RaspberryPi home automation gateway – Intro

The title is actually incomplete but didn’t want to make it too long. What I’m about to describe is an initiative on how to put together an encrypted, authenticated, realtime, RaspberryPi powered home automation gateway. It will be a few separate posts that will go from concept to implementation, using a real world example of how to control something in the house. I’ll break it down and explain the big picture and each part that needs to be addressed. But first, a little more background and reasoning behind this effort.

My makeshift home automation gateway

Above you can see my temporary gateway setup. It’s very simple – I have a RaspberryPi powered through an ATXRaspi, and a Moteino which acts as the gateway to my wirelessly controlled house. It’s hard wired to my home router because the wireless adapters are simply junk, not reliable. Also hooked up to a monitor and keyboard.

I’ve seen tons of blogging and articles on how to make something blink, turn a servo or LED on, even do more real things like turn ON lights, change the thermostat or control some household appliance, from your smart phone. All cool and dandy. But almost everyone seems to completely skip security. The blog posts end when the LED or light turns on, and everyone seems to be super excited about the cool thing they just did. But I’m left there with a raised eyebrow wondering if those people know what they are doing. Security is of major concern to me because if I hook up my garage doors, lights and perhaps other appliances to the interwebs, I don’t want unauthorized access. Is that a nobrainer or am I paranoid? Continue reading

Sump pump alert with Moteino & HC-SR04

UPDATE: This project has been replaced/updated with SonarMote. See this blog post for a more rencent implementation of what you see here. The alerts are now implemented as simple events on the Moteino Gateway.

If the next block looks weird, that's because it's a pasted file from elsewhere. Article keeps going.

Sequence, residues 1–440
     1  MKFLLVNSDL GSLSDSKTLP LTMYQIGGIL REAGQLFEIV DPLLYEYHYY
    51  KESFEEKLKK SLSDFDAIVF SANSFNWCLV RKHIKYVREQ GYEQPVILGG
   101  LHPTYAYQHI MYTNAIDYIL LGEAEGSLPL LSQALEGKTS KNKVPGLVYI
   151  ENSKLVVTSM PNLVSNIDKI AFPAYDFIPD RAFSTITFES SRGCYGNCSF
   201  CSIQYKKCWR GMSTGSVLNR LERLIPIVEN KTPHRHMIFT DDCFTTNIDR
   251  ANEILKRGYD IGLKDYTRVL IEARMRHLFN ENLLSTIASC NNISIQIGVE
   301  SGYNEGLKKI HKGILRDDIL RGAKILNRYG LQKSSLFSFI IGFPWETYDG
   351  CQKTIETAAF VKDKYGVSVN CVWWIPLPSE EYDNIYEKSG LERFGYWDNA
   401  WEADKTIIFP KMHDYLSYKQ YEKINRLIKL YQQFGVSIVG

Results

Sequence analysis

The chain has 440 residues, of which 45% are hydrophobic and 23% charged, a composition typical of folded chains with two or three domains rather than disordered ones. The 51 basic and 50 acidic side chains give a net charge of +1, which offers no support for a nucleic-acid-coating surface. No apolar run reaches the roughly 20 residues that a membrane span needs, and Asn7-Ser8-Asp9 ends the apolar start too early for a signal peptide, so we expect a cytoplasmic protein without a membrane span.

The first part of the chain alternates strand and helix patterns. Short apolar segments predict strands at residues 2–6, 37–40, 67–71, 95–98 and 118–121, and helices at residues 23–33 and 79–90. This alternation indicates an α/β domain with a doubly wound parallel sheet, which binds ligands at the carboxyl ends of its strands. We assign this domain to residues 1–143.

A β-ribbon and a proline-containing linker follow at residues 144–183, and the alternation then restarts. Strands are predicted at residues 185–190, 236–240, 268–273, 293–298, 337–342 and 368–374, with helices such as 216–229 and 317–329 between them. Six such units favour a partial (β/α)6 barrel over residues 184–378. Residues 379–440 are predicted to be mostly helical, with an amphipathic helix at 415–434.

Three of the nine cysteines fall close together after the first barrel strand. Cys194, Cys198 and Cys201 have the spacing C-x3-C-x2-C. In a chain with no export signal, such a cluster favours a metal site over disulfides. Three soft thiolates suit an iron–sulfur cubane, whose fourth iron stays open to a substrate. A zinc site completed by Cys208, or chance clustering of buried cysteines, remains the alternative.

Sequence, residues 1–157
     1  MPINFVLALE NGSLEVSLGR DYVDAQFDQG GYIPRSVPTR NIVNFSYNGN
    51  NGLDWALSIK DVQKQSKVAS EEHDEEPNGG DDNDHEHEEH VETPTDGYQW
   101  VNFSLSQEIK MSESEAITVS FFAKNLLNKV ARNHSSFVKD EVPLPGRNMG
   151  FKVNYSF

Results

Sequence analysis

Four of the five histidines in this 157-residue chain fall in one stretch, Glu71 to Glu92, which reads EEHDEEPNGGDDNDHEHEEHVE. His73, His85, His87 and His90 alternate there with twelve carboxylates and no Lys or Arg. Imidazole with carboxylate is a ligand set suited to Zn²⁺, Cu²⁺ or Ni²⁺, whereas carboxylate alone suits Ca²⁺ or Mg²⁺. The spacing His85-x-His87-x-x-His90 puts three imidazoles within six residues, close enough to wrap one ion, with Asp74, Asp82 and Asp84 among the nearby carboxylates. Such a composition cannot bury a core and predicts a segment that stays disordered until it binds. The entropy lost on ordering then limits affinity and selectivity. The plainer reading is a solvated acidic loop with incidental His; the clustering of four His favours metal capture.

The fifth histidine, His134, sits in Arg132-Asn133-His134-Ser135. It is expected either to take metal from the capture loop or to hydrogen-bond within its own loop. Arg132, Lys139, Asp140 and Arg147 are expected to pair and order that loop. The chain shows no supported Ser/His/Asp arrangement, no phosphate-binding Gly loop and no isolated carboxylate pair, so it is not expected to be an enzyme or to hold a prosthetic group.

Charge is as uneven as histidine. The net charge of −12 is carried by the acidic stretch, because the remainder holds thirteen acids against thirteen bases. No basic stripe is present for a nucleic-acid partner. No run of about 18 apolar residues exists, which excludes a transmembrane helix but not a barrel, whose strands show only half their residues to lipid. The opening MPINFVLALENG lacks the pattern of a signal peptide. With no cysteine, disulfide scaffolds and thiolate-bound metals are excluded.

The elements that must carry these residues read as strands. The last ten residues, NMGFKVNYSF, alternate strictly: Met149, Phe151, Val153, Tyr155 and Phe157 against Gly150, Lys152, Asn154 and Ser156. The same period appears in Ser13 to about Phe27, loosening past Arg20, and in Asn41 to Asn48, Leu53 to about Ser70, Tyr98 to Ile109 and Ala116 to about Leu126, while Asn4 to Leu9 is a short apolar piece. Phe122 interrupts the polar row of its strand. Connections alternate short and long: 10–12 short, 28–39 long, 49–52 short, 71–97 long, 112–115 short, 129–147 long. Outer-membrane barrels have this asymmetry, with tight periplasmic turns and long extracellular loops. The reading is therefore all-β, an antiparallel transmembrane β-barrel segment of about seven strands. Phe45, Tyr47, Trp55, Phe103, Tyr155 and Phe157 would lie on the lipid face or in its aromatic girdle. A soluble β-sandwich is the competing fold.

Here’s another project I wanted to do for a long time. I wanted a sump pump flood warning alert system in place, for peace of mind when I’m gone from home for prolonged periods. For whatever reason I thought this was going to be more difficult but no, it’s almost as easy as pie!

All I needed was a HC-SR04 sonar sensor and a USB 5V wall supply. The sensor only works at 5V so this method of powering the Moteino was very convenient since I already have an outlet close by for the sump pump.

The sensor has 4 pins clearly marked: VCC, GND, TRIG and ECHO. I connected VCC to VIN on Moteino, ECHO goes to D3 and TRIG to D4.

Moteino_HC-SR04_SumpPumpAlert

I used some of the code this instructable to get started and added my wireless code to handle packets and blink the LED and was done in no time. The setup was very simple, I estimated a good spot underneath the sump pump cover where there are no obstructions inside, cleaned it up, taped some velcro, secured the wires and that was pretty much it.

 Moteino_HC-SR04_SumpPumpAlert_cover Moteino_HC-SR04_SumpPumpAlert_installed

I added a few lines of code to my main Python script running on the RaspberryPi.
By the way, here’s how my RaspberryPi setup looks like, including the ATXRaspi power controller, the power button and the gateway Moteino (it’s an older R1 but just as good for as a gateway):

Moteino_RaspberryPi_ATXRaspi_PowerButton

The Python script logs the data to EmonCMS and here’s a graph of how that looks like, the Moteino reports the distance to the water surface, so the spikes means the sump pump just kicked ON, and as water rises the distance decreases until the pump starts again:

EmonCMS_SumpPump

It’s been a rainy spring so far here and I knew my pump kicks ON quite often, now I can see it in real time, and setup alerts if the water rises too much. Seems like the pump is always pumping water out when it rises to 32cm below basement surface. So setting an alert to something like 20cm below surface should be enough since I don’t expect the water to ever rise so much as long as the pump works. The alert code will send me a SMS message when this happens, here’s a test level, I set the live value at 20cm:

Moteino_HC-SR04_SumpPumpAlert_SMS

You can of course setup other types of alerts – like audio alerts or maybe a LED visual indicator (less useful when you’re not in your basement).

Fun/Scary fact: The sensor is very accurate even though there’s a variance of 1cm between some readings (resulting in a sawtooth graph) as water rises. Based on the graphs, how often the water is pumped (every ~23 minutes), and how big the reservoir is, I figured my sump pump removes roughly about 18.5 liters every cycle, or about 1158 liters (306 gal) every day, wow!

So now there’s an extra level of peace of mind when I leave on vacation. I guess being gone for even 1 day could mean disaster if the sump pump breaks down at the same time!

Time to think about how to gather/store all that water instead of throwing it away, after all, I pay something like $11 for every 1000 gallons of city water.

Source code is on GitHub: https://github.com/LowPowerLab/SumpPumpAlert